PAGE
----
They lived in the housing complex as well.
Ford paid his Fordlandia workers well and incorporated labor practices, like time clocks and eight-hour work days, into the settlement's structure.
He also gave them access to amenities and resources while employed in the settlement, like a swimming pool ...
... a golf course ...
... and a school.
The school was the first time many indigenous people had access to education.
Transportation systems were implemented to get residents around the town.
And children could participate in Boy Scouts.
A Fordlandia cemetery was built and still exists to this day ...
... as was a modern hospital.
Fordlandia employees received free medical care at the hospital, too.
The idea was to not only produce a stockpile of rubber for manufacturing Ford's vehicles, but also to cultivate Ford's idea of the perfect American society based on his own personal morals and ideology.
But, as NPR writes, despite the seemingly idyllic set-up, "The first failure of Fordlandia was social."
Workers were expected to abiding by a strict set of rules and labor practices.
Fordlandia residents were fed a meatless diet, modeled after Ford's own vegetarian habits, and were served things like brown rice, whole wheat bread, and oatmeal.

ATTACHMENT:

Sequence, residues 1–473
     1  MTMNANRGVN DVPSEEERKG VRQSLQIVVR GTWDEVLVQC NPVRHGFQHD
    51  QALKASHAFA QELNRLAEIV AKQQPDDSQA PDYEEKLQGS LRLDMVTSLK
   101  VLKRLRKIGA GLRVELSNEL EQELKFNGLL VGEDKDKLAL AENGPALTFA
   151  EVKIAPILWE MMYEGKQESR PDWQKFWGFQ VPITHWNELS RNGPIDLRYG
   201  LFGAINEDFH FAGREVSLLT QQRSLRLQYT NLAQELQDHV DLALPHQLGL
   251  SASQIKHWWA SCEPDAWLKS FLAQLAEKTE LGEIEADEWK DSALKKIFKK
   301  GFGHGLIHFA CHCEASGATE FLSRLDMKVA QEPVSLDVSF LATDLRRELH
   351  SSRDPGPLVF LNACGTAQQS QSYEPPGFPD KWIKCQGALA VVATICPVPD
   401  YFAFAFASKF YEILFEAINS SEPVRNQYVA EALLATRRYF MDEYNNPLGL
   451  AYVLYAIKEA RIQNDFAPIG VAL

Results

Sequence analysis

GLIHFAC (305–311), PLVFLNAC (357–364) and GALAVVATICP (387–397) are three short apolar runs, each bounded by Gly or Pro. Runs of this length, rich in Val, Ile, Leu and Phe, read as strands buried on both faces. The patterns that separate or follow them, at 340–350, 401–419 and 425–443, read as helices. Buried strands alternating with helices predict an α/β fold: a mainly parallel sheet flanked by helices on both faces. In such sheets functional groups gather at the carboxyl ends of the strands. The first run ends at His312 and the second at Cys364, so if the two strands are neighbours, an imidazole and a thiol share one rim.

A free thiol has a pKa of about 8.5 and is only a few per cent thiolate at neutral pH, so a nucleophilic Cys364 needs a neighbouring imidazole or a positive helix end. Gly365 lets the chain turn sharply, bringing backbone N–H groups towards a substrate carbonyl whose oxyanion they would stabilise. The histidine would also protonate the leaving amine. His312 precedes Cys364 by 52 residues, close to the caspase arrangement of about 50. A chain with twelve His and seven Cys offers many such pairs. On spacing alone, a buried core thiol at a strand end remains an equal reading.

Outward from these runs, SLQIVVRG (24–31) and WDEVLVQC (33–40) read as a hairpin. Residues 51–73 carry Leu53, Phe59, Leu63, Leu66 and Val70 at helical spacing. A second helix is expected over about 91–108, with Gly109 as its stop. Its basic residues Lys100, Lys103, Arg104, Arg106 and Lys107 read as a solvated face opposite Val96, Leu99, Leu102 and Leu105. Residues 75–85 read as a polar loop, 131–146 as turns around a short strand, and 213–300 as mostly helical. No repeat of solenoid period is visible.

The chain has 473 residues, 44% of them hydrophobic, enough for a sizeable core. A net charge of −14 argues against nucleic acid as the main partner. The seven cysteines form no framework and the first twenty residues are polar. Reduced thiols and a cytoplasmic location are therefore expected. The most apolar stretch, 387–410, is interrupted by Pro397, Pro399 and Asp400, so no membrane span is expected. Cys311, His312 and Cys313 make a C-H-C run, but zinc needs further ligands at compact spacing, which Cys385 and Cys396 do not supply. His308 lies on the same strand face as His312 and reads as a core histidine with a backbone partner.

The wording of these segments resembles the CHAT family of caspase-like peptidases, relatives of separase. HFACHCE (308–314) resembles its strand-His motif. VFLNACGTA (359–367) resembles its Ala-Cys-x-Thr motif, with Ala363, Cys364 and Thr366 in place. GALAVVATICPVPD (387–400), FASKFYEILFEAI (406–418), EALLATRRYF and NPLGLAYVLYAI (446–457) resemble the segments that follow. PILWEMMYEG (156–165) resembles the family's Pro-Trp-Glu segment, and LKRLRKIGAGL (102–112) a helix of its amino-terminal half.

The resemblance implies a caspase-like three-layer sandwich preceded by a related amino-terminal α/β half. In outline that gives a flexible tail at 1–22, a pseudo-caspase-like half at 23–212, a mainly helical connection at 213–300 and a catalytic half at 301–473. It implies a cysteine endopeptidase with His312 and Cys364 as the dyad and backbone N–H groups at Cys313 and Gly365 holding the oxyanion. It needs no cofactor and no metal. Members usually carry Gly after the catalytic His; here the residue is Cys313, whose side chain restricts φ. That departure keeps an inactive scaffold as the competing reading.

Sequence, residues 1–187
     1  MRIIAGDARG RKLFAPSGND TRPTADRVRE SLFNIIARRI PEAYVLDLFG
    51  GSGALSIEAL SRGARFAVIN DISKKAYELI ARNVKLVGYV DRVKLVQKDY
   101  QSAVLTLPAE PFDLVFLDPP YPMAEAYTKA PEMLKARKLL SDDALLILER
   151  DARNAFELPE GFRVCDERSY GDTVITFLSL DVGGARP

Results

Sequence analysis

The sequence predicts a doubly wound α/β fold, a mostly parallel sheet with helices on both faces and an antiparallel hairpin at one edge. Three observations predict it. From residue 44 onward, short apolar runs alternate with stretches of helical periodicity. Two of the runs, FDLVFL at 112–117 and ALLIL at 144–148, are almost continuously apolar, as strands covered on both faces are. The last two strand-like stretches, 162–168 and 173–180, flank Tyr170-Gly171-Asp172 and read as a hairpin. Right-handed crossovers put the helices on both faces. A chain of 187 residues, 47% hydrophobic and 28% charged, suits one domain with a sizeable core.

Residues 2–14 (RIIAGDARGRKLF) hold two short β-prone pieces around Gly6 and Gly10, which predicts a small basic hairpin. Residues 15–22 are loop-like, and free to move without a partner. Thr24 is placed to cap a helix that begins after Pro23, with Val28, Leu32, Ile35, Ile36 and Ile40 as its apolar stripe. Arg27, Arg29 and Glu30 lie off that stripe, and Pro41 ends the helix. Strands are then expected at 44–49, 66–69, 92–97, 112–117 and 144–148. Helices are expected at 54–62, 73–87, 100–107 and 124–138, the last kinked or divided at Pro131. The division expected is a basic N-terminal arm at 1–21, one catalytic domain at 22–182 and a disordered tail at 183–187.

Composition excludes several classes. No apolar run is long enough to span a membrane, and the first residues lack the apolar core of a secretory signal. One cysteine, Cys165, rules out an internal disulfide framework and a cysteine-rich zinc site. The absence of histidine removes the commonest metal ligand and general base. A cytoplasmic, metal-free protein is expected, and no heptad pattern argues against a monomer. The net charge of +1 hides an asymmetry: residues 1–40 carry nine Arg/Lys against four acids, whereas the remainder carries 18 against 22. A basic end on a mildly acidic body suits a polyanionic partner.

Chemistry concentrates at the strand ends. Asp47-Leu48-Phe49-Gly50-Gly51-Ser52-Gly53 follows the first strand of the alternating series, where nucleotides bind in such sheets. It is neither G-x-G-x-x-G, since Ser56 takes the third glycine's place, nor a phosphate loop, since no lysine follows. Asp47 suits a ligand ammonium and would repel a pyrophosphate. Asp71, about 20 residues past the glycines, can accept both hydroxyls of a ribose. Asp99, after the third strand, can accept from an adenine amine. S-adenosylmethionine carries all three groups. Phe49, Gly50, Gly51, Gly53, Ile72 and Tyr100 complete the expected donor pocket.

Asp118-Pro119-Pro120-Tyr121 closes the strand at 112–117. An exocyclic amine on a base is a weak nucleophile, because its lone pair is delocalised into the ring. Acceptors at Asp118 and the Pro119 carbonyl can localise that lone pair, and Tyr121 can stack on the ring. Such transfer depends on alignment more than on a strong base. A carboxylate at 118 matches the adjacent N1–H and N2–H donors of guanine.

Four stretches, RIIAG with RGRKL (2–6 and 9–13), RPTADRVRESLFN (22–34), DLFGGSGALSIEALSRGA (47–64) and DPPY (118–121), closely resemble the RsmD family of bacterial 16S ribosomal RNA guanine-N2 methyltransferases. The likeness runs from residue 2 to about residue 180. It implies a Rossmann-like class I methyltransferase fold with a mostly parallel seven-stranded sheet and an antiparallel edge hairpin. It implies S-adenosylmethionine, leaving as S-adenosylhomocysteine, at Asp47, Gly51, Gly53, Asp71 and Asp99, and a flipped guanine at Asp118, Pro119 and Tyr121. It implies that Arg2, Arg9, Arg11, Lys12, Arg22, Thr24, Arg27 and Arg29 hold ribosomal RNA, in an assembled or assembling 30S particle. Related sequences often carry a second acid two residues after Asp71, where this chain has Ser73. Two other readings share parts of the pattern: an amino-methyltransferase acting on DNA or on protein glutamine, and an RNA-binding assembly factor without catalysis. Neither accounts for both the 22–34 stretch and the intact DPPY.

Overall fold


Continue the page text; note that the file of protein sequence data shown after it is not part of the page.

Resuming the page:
They were pushed to attend poetry readings and English-language-only singing sessions, and alcohol and prostitution were prohibited.
Many workers railed against those restrictions, with some taking to a nearby island to establish a bar and a brothel to let loose after a long day's work. They called it "The Island of Innocence."
Ford also built a dance hall in hopes that his Brazilian workers would take to square dancing as much as he had.
In fact, Ford hoped that Brazilians working in the settlement would adhere to every one of the societal expectations that he set.
But ultimately, workers clashed culturally with Ford's American vision of idealism.
The tipping point came in 1930 when the dining hall stopped its wait service and shifted to a self-serve cafeteria-style eating experience.
Workers rioted and destroyed much of Fordlandia, including the time clocks, causing thousands of dollars in damage.
Workers' ire eventually settled down and order was restored, but the cultural discord was just one of many problems that plagued Fordlandia.